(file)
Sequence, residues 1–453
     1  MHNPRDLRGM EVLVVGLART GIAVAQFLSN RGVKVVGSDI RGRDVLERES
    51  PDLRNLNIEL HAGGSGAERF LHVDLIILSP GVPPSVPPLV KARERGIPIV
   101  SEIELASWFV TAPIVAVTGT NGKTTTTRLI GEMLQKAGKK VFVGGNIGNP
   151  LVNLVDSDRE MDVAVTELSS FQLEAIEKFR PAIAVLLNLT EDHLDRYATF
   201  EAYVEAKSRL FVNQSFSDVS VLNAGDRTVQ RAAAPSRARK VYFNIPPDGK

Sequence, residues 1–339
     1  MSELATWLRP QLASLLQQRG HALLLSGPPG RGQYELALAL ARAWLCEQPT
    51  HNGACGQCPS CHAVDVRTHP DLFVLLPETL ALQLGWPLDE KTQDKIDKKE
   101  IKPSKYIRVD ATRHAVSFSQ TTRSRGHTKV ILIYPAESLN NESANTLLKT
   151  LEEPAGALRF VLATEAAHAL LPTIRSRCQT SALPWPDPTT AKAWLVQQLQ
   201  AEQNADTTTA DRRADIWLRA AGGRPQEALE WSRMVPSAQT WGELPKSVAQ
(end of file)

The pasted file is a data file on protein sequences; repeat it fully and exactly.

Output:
Sequence, residues 1–453
     1  MHNPRDLRGM EVLVVGLART GIAVAQFLSN RGVKVVGSDI RGRDVLERES
    51  PDLRNLNIEL HAGGSGAERF LHVDLIILSP GVPPSVPPLV KARERGIPIV
   101  SEIELASWFV TAPIVAVTGT NGKTTTTRLI GEMLQKAGKK VFVGGNIGNP
   151  LVNLVDSDRE MDVAVTELSS FQLEAIEKFR PAIAVLLNLT EDHLDRYATF
   201  EAYVEAKSRL FVNQSFSDVS VLNAGDRTVQ RAAAPSRARK VYFNIPPDGK

Sequence, residues 1–339
     1  MSELATWLRP QLASLLQQRG HALLLSGPPG RGQYELALAL ARAWLCEQPT
    51  HNGACGQCPS CHAVDVRTHP DLFVLLPETL ALQLGWPLDE KTQDKIDKKE
   101  IKPSKYIRVD ATRHAVSFSQ TTRSRGHTKV ILIYPAESLN NESANTLLKT
   151  LEEPAGALRF VLATEAAHAL LPTIRSRCQT SALPWPDPTT AKAWLVQQLQ
   201  AEQNADTTTA DRRADIWLRA AGGRPQEALE WSRMVPSAQT WGELPKSVAQ